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It’s a tale of tailor
  |  First Published: June 2007



Big schools of baitfish have moved into the river and made their way up as far as Maclean.

Following these schools, mostly white pilchards, have been hordes of small tailor which at times have been a real problem when lure fishing. They can empty the tackle box very quickly. My advice is to avoid fishing with lures in the areas where these small tailor are schooled up and are biting at anything that moves – including leader knots.

Big tailor are on the menu at the moment with the headlands producing some nice fish to 5kg. The average size along the headlands has been about a kilo to 1.5kg with those big greenbacks over 7kg due to show up any day now.

June, July and August are the traditional months when the really big tailor are on the bite. Best baits for the big tailor off the beaches are strips of bonito and large sea gar.

From the headlands, large sea gar are the only bait you can cast far enough to catch big tailor. Large chrome lures and big poppers from 50g to 100g will produce the best fish with the secret to success lying with the ability to make a long cast.  

With all these tailor on the beaches and the mullet running, the jewfish have shown up in good numbers with fish averaging 12kg to 15kg. Shark Bay and Back Beach are the pick of the beaches with Iluka Main Beach holding more fishos than fish at times.

The headlands are producing the bigger fish on large hardbody lures and feather jigs with the Middle Bluff the spot to fish. The river is producing good fish with Winter the traditional time for bigger jewfish.

The breakwalls are holding schools of mullet which are attracting the jewfish. Inside the river you will find jew feeding wherever you find mullet schooled up in the deeper water.

Long tail tuna have been everywhere, Some days the Iluka breakwall has produced up to eight fish. With the amount of baitfish holding in the area, the chance of tuna turning up regularly is good.

The only down side is the behaviour of some people who think they are sport fishos. There are only a couple of bad apples but we need to remove them from the sport because killing long tail tuna and using them to berley more fish or throwing them into the rocks so they can catch more fish is not the sort of behaviour that is acceptable.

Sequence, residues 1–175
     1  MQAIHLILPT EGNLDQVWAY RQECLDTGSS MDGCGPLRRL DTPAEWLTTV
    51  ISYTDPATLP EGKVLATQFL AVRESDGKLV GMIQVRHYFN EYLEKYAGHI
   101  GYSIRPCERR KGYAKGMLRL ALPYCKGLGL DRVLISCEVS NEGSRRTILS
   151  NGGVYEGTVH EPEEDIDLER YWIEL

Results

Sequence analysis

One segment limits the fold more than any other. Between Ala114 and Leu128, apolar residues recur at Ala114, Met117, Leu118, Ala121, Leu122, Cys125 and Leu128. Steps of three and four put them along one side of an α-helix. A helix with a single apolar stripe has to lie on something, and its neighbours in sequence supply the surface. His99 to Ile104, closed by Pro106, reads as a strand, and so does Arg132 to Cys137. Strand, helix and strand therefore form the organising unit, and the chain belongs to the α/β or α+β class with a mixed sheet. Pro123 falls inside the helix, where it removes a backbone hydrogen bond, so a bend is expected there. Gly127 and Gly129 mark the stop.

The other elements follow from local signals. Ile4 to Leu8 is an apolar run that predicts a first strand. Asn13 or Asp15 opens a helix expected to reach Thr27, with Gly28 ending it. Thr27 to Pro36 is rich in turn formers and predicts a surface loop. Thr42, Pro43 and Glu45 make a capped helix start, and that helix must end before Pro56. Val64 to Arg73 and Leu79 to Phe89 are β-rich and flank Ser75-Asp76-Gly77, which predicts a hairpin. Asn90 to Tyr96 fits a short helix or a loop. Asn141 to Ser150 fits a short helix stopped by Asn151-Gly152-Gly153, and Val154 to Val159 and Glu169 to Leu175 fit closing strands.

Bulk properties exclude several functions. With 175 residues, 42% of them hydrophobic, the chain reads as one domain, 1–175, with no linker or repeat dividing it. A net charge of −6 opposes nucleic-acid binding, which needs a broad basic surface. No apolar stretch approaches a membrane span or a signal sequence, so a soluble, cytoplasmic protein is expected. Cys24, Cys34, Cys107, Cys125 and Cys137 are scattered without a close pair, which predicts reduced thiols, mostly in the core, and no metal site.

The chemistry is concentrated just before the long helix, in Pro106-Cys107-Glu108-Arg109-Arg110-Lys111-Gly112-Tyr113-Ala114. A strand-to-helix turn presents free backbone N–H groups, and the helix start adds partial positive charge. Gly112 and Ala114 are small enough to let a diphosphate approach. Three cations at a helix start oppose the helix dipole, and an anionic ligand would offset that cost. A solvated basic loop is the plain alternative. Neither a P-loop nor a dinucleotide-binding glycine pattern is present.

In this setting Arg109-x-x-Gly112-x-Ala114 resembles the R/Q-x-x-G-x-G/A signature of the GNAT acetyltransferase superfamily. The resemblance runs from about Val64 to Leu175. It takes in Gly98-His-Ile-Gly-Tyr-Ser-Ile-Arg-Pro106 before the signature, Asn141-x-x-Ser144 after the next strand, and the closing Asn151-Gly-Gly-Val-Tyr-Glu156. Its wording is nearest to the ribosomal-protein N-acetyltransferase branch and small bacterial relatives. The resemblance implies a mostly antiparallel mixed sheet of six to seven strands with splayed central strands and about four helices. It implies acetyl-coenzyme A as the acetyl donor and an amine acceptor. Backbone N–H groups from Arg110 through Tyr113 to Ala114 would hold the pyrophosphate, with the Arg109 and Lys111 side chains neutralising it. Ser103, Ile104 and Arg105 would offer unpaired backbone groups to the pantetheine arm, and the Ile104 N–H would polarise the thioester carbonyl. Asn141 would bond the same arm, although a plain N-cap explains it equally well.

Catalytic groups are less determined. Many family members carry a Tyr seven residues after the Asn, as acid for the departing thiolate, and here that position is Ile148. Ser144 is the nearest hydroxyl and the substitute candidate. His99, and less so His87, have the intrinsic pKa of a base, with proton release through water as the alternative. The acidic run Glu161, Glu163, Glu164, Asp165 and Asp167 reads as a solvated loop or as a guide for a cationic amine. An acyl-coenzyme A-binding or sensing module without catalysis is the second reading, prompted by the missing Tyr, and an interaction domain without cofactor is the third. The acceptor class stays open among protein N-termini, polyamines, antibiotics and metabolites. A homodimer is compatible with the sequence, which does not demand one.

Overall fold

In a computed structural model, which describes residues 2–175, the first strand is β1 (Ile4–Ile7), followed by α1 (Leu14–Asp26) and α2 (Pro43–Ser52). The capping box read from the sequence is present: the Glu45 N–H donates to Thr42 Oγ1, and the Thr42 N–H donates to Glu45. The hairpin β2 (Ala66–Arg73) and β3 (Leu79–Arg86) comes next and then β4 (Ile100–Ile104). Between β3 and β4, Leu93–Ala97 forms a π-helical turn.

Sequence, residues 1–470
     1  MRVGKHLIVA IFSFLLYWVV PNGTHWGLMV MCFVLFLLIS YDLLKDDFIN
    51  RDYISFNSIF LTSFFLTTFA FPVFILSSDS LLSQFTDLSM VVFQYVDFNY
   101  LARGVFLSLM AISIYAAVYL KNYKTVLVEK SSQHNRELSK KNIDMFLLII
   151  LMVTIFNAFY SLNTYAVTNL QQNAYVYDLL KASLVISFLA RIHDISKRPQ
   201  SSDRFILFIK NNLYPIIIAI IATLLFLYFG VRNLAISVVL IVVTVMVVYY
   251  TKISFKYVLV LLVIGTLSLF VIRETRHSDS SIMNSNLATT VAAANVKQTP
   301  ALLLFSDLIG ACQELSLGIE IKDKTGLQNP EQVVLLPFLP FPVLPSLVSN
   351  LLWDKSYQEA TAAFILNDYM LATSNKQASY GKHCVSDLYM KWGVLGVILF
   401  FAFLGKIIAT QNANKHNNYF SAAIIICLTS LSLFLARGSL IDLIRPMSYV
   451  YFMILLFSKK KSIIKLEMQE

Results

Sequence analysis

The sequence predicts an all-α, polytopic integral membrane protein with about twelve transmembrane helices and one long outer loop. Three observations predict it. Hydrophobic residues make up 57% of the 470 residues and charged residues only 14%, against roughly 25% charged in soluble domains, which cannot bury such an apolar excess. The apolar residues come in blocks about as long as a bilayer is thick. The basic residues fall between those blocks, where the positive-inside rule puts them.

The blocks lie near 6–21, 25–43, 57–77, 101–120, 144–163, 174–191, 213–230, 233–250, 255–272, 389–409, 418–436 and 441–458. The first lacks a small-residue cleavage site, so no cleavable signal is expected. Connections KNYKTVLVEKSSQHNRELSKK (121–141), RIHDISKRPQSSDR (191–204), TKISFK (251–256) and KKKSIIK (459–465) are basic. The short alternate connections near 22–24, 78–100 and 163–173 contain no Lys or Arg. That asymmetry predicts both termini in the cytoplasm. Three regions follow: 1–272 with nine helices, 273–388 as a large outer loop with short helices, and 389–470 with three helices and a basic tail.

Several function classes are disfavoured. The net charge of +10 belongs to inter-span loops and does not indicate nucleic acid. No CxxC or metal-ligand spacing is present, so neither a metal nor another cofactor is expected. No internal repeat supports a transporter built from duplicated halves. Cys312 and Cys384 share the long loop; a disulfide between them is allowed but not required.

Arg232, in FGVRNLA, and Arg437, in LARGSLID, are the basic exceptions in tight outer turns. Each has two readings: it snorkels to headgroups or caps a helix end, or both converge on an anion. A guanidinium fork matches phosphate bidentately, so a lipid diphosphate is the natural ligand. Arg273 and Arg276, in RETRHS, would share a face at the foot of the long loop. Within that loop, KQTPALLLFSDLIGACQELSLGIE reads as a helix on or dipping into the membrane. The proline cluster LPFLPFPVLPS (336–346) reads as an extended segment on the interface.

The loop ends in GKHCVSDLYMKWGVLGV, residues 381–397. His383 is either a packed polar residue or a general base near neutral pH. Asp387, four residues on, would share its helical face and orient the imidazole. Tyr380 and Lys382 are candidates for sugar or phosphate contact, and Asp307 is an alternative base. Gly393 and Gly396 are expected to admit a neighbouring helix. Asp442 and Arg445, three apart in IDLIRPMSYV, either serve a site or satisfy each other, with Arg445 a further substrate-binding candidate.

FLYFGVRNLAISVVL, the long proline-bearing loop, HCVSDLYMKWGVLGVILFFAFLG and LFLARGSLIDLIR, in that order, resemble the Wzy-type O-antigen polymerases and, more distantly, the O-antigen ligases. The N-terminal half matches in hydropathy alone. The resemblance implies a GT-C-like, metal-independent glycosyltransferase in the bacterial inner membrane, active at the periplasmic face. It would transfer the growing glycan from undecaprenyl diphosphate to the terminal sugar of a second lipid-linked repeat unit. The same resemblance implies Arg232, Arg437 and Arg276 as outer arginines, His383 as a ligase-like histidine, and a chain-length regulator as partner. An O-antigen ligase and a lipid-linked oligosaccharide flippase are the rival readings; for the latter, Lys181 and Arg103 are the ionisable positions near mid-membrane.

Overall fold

You can catch and release these tuna by simply taping a knife to the back of your gaff and cutting the line instead of gaffing the fish. There are no excuses for this sort of behaviour and if you see anyone destroying these fish in this manner, you need to report it to the relevant authorities.

The Australian Fisheries Management Authority has, as of January 1, announced that longtail tuna are now a recreational-only species and has put heavy restrictions on commercial fishers. This means if we don’t take care of this fishery then the only ones we have to blame are ourselves.

MACKEREL SWANSONG

What a season it has been for the mackerel at Shark Bay. With many fishos producing bag-limit catches on most trips and the commercial fishers catching 50 to 80 a day.

It has been one of the better seasons over the past seven or eight years. Most of these fish are now heading north again and the big fish will be the only ones left to catch as the main schools are now leaving. All we can do now is look forward to next season and hope it is as good or better.

Big bream are moving up-river following the big schools of baitfish. The area around Maclean has really been the hot spot this month with sea-run bream moving up the system and the resident bream moving down.

All these fish are congregating in the deep water and feeding on the baitfish. Quality fish over a kilo are being caught on bait and lures with all the recognised bream spots fishing well.

Luderick have started schooling up at the mouth of the river with experienced fishos producing good bags. The best baits are black weed in the river and green weed around the headlands and river mouth. These fish should only get better over the next few weeks and now is the time to try your hand.

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